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Between the lines: Poet takes news story beyond the page

Poet takes news story beyond the page

  • Shelburne Falls poet Cindy Snow will be launching her new chapbook, Small Ceremonies, Thursday, June 30, 7 p.m. at Arms Library, corner of Bridge and Main streets in Shelburne Falls. For the Recorder/Trish Crapo



For The Recorder
Friday, June 03, 2016

One day about 10 years ago, Shelburne Falls poet Cindy Snow heard a news story about a woman in Uzbekistan who, having been brought the body of her dead son and told by police not to open his coffin, found the courage to disobey, secretly photograph the damage done to him and smuggle the film out to someone who could document his story.

The news story, and Snow’s strong reaction to it, formed the starting point for her poem, “Vira: February 1, 2006.”

The poem appears in Snow’s chapbook, “Small Ceremonies,” published by Slate Roof Press of Northfield. A reading and book signing will be held Thursday, June 30, at 7 p.m. at the Arms Library at the corners of Bridge and Main streets in Shelburne Falls.

Slate Roof books are always beautiful, and Snow’s is no exception. “Small Ceremonies” features die-cut covers of iron-red and brick-red papers, photographs taken by Snow, including cover and title-page images of ceramic redware “pie birds” made by her husband, potter Stephen Earp, and Slate Roof’s signature hand-sewn binding.

Pie birds, also called “pie vents,” are hollow ceramic figures that vent steam from pies, keeping the fillings from overflowing the crusts. Coming upon a grouping of them in her husband’s studio, “With their little beaks open, and they’re all looking up — I thought it looked like a pagan ceremony of some sort,” Snow says with a laugh.

The image reverberated nicely with a phrase that became the book’s title.

While some of the poems are autobiographical — love poems to her husband or poems to her teenaged daughter — many are persona poems, written in the first person from the point of view of a character, often an older woman. Snow likes to explore instances of what she calls “interruption” in these women’s lives. Vira’s interruption is the most obvious, and the most graphic, Snow says.

Thinking back on the news story, she admits, “I don’t remember all the details now … But what I do remember is this was not a drive-by shooting. It was a disappearance.”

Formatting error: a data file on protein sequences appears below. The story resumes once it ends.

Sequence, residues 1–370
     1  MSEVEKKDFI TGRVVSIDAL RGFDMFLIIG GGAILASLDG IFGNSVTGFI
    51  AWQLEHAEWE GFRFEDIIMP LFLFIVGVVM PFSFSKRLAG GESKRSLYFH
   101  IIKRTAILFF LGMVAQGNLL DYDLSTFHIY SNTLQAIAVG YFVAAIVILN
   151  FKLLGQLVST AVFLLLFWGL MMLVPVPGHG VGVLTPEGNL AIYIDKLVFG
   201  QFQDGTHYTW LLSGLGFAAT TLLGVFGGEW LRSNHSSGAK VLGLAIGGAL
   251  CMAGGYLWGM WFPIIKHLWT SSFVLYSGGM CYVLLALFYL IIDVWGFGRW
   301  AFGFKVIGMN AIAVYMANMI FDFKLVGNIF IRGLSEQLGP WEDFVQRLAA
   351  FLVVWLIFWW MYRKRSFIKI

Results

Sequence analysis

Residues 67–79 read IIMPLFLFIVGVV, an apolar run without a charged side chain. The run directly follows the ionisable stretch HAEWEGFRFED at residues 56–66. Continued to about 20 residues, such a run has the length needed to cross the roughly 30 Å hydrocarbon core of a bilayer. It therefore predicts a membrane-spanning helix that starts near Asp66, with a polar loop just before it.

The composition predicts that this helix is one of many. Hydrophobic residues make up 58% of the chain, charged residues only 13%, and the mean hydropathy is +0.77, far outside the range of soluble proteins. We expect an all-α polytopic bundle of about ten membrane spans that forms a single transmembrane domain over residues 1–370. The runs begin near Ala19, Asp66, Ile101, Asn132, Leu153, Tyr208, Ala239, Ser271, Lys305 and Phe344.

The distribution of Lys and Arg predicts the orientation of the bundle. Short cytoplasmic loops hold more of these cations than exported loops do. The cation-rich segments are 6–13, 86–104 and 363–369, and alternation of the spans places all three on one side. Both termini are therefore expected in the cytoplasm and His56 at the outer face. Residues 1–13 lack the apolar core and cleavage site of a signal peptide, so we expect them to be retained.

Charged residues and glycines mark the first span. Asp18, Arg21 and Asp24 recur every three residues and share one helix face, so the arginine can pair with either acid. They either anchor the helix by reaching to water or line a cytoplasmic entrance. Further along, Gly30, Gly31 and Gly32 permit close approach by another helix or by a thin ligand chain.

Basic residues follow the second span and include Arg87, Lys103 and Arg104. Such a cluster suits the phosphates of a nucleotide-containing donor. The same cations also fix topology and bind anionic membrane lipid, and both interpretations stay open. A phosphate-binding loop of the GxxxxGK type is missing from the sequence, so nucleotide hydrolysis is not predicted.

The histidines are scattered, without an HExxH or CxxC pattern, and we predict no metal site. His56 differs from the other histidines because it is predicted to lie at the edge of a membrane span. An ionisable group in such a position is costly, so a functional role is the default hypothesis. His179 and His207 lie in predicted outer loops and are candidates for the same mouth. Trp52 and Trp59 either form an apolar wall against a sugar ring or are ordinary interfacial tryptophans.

Transforming the news story into a poem proved challenging.

“I was grappling with some political issues and I was trying really hard to figure out, ‘How do I get some of this political stuff down on the page, without it being didactic?’” Snow asks.

An early draft was much longer and more graphic — so much so that one reader told Snow she wanted to stop reading it halfway through.

“Someone gave me some good advice ages ago, which was if the material’s particularly graphic or has the potential to be didactic, back-pedaling is usually a good strategy,” Snow says.

So she pared the poem down. There’s an often-expressed (though not always true!) adage in writing workshops that expresses what worked for Snow in this instance: “Less is more.”

“Not giving every single detail,” Snow explains. “Because you can either scare someone off or feel like you’re telling a news story.”

Snow was editor of her high school newspaper and had planned to study journalism in college. She switched majors, choosing history and education, and went on to become a teacher and editor. Her current position is coordinator of writing tutors at Greenfield Community College, where she also teaches developmental reading. But Snow continues to be drawn to reportage, and has long had an interest in political justice. In her 20s, Snow worked as a media contact for Witness for Peace in Nicaragua. The organization was formed to channel outrage at the U.S. government’s funding of right-wing rebels, or “contras,” and brought thousands of volunteers to Nicaragua during the 1980s to witness and publicize the war’s atrocities.

“I think it’s interesting to take on these topics,” I say. “Especially in this really messed-up world we’re in. And to ask, ‘What can poets bring to the problem?’”

“Well, you think of how fleeting news stories are,” Snow says. “Sometimes I’m in the car and I hear something incredibly profound on NPR, but then that’s the only time we hear that story. Maybe it’s in all the papers that day. But usually that’s it, really. But this story really stayed with me. And I thought, ‘Oh my God, this could happen to any of us who have children, or loved ones, or parents.’”

Snow’s poem honors Vira’s courage and allows her important message to live long beyond the daily news cycle.

Trish Crapo is a writer and photographer who lives in Leyden. Crapo is always seeking published poets and writers for her column. She’s interested in books written by Franklin County poets and writers and/or published by a Franklin County press. She can be reached at: tcrapo@mac.com